Write-Output "Copying file to the VM and restarting, timestamp: $dt" >> $file
Copy-Item -Path $newfile -Destination $Dest

I now update the console and log file again and copy the Sysprep XML answer file to the new VM.

$filename = $newfile | Split-Path -Leaf
$sysprepSTR = "C:\windows\system32\sysprep\sysprep.exe /generalize /oobe /reboot /quiet /unattend:"+"c:\windows\temp\"+$filename
$SysPrepRunOnce = "reg add \\$SrcHostName\HKLM\SOFTWARE\Microsoft\Windows\CurrentVersion\RunOnce /v sysprep /t REG_SZ /d ""$sysprepSTR"""
Invoke-Expression $SysPrepRunOnce
Restart-Computer -ComputerName $SrcHostName -Force
Write-Host "Please log in to the VM using the original VM name to start Sysprep." -ForegroundColor Yellow

In the final part of the script, I get the XML file name from the $newfile variable using the Split-Path cmdlet. Then I prepare the string that runs Sysprep on the new VM using the XML answer file I just copied there. I store this string in the $sysprepSTR variable. After that, I create the registry command string that stores the Sysprep string in the RunOnce registry key. This ensures the Sysprep process runs as soon as I log in to the VM. When this string is complete, I use the Invoke-Expression cmdlet to execute the command string. Then I restart the VM and update the console.

When I log in to the new VM, Sysprep will run immediately. After it completes, the VM has a new name and has joined the domain.

Sysprep is running after loggin in

Sysprep is running after loggin in

Now the cloning process is complete and it is now safe to power up the source VM. One more thing to discuss is the wrapper script I mentioned earlier in this series.

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[CmdletBinding()]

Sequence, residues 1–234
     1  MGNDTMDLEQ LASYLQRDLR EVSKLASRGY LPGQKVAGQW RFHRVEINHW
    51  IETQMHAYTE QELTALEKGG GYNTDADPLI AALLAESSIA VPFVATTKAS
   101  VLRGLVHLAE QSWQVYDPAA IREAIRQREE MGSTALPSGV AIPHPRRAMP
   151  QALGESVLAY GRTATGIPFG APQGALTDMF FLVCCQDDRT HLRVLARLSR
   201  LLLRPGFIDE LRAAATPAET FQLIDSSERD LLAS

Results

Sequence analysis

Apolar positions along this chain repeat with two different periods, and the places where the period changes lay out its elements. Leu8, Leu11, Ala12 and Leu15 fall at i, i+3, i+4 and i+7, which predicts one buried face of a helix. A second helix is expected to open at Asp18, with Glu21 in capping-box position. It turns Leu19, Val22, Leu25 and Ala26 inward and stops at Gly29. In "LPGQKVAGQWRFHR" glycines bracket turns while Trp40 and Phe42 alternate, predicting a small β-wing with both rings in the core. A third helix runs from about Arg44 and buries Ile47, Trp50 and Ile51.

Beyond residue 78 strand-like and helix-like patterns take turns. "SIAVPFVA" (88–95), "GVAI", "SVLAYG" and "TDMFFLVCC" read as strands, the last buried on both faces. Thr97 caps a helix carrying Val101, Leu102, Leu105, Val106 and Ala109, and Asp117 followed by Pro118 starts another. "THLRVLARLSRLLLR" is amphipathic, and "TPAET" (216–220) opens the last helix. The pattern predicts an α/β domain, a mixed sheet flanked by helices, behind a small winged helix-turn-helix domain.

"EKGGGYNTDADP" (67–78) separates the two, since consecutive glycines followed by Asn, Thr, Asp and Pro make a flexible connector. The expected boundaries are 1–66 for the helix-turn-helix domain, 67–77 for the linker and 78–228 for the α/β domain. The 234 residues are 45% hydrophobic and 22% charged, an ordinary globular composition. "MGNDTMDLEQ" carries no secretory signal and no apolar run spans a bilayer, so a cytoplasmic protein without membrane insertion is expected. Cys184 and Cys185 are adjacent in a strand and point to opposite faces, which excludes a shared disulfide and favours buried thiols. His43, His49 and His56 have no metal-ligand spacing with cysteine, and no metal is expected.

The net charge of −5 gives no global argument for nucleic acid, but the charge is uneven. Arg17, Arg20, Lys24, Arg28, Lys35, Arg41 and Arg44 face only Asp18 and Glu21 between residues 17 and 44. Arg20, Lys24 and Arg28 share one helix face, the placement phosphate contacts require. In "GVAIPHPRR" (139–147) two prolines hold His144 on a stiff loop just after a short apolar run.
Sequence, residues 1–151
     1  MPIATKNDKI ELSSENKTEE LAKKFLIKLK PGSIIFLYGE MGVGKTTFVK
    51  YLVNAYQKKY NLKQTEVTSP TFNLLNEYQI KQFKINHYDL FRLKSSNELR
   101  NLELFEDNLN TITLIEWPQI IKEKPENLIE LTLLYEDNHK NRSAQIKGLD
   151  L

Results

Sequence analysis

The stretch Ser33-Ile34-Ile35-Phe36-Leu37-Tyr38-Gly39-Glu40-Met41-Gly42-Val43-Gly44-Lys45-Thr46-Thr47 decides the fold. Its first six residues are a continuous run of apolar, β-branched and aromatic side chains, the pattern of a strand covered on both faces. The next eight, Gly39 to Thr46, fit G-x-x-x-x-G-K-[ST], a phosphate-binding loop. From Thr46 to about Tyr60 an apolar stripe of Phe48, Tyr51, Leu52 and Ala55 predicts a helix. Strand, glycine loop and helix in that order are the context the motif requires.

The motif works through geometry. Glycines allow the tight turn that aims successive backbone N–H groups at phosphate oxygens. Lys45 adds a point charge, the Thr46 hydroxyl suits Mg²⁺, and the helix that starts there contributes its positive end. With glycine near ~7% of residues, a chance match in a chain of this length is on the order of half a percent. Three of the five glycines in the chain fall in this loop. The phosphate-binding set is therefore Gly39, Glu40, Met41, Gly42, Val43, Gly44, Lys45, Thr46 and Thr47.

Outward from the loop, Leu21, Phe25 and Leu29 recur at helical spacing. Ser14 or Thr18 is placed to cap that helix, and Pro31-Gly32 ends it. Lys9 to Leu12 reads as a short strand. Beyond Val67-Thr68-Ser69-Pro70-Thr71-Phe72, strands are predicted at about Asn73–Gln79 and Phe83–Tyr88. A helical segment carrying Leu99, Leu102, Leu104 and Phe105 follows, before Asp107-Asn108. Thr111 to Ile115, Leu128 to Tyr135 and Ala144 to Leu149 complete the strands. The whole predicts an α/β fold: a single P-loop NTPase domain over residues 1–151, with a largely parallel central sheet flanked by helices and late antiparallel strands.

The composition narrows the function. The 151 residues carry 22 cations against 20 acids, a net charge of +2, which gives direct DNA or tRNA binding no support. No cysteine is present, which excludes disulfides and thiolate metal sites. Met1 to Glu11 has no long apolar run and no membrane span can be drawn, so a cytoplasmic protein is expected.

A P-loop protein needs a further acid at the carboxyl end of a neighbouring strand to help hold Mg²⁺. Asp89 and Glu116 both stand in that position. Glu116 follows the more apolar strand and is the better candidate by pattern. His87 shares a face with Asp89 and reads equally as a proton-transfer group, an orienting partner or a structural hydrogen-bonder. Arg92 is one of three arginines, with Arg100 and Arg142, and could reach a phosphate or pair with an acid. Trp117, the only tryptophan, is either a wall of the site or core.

Param(
  [Parameter(Mandatory=$True)]
   [string]$SvcName,
  [Parameter(Mandatory=$True)]
   [string]$SourceVMName,
  [Parameter(Mandatory=$True)]
   [string]$NewVMName,
  [Parameter(Mandatory=$True)]
   [string]$Subscription,
  [Parameter(Mandatory=$False)]
   [string]$NewSvcName,
  [Parameter(Mandatory=$False)]
   [string]$InstanceSize,
  [Parameter(Mandatory=$False)]
   [string]$newSubnet,
  [Parameter(Mandatory=$True)]
   [string]$SrcHostName
)

$file = "c:\temp\Cloning_Azure_OS_VM_{0:MMddyyyy_HHmm}.log" -f (Get-Date)
new-item -path $file -type file -force

$OSClone = "C:\Scripts\AzureClone\2.0\Copy_Azure_HDD.ps1 -SvcName $SvcName -SourceVMName $SourceVMName -Subscription $Subscription -NewVMName $NewVMName -SrcHostName $SrcHostName"
Invoke-Expression $OSClone

sleep 60

$CopyData = "C:\Scripts\AzureClone\2.0\Copy_Azure_Data_HDDs.ps1 -SvcName $SvcName -SourceVMName $SourceVMName -NewVMName $NewVMName”
Invoke-Expression $CopyData

sleep 60

$RunSysPrep = "C:\Scripts\AzureClone\2.0\Run_Sysprep_On_Clone.ps1 -NewVMName $NewVMName -SrcHostName $SrcHostName"
Invoke-Expression $RunSysPrep

This script is fairly simple, so I won't take too much time explaining it. It just accepts the parameters I already explained during this series, establishes a log file and uses the Invoke-Expression cmdlet to run the three scripts one by one with a 60-second break between them.

4 Comments
  1. Michael Glashouwer 5 years ago

    Dear Alex,

    I tried your tutorial, but I’m running into a problem I really don’t know how to solve:

    In the 3rd Part, the script creates a XML file it tries to copy to the new Azure VM using the  $Dest variable: Sourcehostname. Now that is where I get the error:

    Copy-Item -Path $newfile -Destination $Dest
    Copying file to the VM and restarting
    Copy-Item : Kan het netwerkpad niet vinden
    At line:6 char:1
    + Copy-Item -Path $newfile -Destination $Dest
    + ~~~~~~~~~~~~~~~~~~~~~~~~~~~~~~~~~~~~~~~~~~~
    + CategoryInfo : NotSpecified: (:) [Copy-Item], IOException
    + FullyQualifiedErrorId : System.IO.IOException,Microsoft.PowerShell.Commands.CopyItemCommand

    It cant find the networkpath \\hostname.cloudapp.net\C$\Windows\Temp.  What to do? I have really no idea. Part 1 and Part 2 ran without issues. The new VM is running…

    Hopefully you can give me a good hint 🙂

    Cheers,

    Michael

    • Michael Pietroforte 5 years ago

      Looks like you have an issue with admin shares. Try to access the network path in Explorer. If this doesn’t work, please read my article about administrative shares. The article is about Windows 8, but I think it still applies. Another (better) option is to work with a “regular” network share.

  2. Josh 4 years ago

    Your XML  missing “<” at the beginning!